Innovative Vertical Gardens Are a Breath Of Fresh AirAuthor:Lindsey Shook
Vertical gardens are not just a pretty façade. Part of their appeal is the ability to help improve indoor air quality by converting carbon dioxide into oxygen and removing harmful environmental toxins. Concerned about plant upkeep when you’re on vacation? No worries there; the lush installations often employ self-watering troughs to facilitate continuous irrigation that starts at the roots and travels upward, eliminating plumbing mishaps.
Landscape artists have sought inspiration from French botanist Patrick Blanc, who can be credited with popularizing the vertical gardening trend (he just created the world’s tallest vertical garden that scales a residential tower in Australia). As long they don’t branch off into a hostile stem takeover à la “Little Shop of Horrors,” these artistic alternatives to overgrown hedges and vine-covered picket fences get a big green thumbs-up from us.
The organic fruits and veggies that Awe Sum Organics imports are not the only things taking root in the company. Living plant walls were just installed in its new Santa Cruz headquarters, which opened for business in early October. San Francisco-based architecture firm DIRTT Environmental Solutions introduced its own new patent-pending modular wall system called Breathe that can seamlessly incorporate interior “plantscapes” into existing DIRTT-brand walls. Utilizing a horizontal watering trough called a WaterBoy, this no-mess focal point is every bit as organic, lush, and beautiful as the produce Awe Sum is known for.
This natural office installation inspired us to check out what other innovative green architecture is blooming right in CH+D’s own backyard.
Flora Grubb Gardens’ nursery-meets-coffee shop in San Francisco’s Dogpatch ‘hood sprouts multiple indoor and outdoor vertical gardens imagined by Staff Designer Daniel Nolan and LA and Phoenix-based Woolly Pocket. Pre-planted succulent letters and Thigmotrope Satellites specially designed for Tillandsia air plants are available to purchase at the store (and make impressive, low-maintenance holiday gifts!). These guys don’t need soil to bloom, so you can create your own garden wall art in unexpected spots at home.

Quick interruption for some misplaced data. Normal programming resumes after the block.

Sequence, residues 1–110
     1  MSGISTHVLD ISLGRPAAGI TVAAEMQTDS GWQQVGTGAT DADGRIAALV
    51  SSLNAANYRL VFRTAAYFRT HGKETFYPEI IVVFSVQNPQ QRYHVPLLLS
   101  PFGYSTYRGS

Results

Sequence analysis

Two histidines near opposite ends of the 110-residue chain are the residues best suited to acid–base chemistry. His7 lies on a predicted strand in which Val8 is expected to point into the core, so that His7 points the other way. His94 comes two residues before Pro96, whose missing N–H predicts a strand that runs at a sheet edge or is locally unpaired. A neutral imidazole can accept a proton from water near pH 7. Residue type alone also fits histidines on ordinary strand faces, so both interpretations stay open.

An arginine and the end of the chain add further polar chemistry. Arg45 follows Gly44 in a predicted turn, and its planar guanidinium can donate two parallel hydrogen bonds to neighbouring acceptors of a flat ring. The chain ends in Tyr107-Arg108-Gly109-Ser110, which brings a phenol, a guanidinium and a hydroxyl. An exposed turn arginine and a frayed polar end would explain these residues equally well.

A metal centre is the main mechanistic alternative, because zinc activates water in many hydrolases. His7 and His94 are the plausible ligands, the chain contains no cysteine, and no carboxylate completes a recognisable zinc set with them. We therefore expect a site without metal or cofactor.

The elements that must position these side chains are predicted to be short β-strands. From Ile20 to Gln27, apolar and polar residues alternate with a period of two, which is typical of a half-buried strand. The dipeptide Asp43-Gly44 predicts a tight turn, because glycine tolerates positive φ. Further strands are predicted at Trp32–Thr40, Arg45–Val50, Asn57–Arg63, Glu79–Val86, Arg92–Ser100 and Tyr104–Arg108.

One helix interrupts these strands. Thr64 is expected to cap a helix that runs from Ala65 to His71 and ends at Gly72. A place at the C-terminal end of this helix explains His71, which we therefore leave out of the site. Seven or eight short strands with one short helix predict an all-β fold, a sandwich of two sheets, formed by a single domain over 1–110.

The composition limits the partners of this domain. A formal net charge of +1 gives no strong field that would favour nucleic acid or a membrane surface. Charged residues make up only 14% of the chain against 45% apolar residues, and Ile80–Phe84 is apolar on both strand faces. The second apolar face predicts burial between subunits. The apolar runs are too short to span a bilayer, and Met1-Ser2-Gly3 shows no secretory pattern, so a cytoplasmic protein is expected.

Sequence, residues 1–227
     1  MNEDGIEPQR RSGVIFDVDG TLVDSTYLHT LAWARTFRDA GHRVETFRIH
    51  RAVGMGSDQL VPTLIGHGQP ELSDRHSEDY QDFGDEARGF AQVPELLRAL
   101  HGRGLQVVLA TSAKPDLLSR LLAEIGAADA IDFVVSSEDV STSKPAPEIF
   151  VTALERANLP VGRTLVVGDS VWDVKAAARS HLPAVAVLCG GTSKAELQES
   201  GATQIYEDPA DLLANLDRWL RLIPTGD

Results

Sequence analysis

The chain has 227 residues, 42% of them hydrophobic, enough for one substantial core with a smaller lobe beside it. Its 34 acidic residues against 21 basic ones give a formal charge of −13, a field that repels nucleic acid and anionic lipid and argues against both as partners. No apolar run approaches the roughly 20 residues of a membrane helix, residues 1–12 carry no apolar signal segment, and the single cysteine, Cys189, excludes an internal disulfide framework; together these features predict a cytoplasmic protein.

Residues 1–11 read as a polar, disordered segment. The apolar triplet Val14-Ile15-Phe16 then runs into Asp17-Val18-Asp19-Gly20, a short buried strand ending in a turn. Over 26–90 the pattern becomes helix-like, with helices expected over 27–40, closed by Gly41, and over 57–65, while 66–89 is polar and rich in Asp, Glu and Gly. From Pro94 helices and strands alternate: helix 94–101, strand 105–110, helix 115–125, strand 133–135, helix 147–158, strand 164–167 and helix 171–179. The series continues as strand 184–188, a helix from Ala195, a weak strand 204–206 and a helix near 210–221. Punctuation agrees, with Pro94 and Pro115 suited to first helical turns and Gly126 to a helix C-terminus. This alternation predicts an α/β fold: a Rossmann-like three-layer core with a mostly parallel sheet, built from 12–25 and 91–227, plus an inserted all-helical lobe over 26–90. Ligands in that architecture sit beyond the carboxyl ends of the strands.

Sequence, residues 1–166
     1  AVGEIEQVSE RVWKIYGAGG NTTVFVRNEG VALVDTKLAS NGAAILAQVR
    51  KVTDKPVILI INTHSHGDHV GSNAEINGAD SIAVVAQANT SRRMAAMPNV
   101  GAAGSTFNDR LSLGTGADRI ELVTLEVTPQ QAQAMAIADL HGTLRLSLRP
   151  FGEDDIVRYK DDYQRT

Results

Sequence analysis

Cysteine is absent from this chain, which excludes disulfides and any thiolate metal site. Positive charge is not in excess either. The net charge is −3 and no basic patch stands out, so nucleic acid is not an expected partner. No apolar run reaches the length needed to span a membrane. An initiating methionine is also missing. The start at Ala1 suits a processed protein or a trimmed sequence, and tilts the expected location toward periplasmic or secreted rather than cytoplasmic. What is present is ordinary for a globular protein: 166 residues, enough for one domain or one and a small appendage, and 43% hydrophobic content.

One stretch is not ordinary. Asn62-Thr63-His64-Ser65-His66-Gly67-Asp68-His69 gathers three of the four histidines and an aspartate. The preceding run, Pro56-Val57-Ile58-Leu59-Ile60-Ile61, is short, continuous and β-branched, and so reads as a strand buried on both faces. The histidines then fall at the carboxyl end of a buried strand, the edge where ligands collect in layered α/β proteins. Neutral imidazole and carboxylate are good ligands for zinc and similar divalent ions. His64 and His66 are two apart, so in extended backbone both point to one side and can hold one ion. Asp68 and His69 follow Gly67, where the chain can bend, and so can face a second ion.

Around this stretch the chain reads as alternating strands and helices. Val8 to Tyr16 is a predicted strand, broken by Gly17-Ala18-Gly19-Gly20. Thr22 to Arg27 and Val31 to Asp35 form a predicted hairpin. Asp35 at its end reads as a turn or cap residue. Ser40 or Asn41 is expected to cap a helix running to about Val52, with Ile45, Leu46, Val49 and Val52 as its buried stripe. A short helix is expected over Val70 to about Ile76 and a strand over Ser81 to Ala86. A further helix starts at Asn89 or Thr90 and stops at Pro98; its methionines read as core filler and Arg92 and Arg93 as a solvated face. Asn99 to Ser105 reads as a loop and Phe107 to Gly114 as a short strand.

Air plants also dance along the wall in a cozy corner of newly opened San Francisco restaurant Roka Akor, bridging outside and inside elements. Japanese culture sees the courtyard garden as a private space, and architect Anthony Fish created an intimate dining retreat to honor this school of thought.
The Metreon Center boasts a mobile living partition installation called “The Great Barrier,” located in its outdoor City View space. Designer and Habitat Horticulture founder David Brenner drew inspiration from the depths of Australia’s Great Barrier Reef and dotted the installation with powder blue and chartreuse sedans and succulents. Check out their awesome map of living wall installations found in the Bay Area.
SF-based Chris Bribach is the CEO of Plants On Walls, an organization that designs and assembles Florafelt Vertical Garden Planters. These microenvironments are fashioned from 100% recycled water bottles and facilitate the healthy growth of luxurious garden art through an automatic recirculating water system. The team encourages homeowners to experiment with an array of textures, colors, and floral varieties, and watch their creativity bloom.
Where have you seen vertical gardens flourishing in your city?
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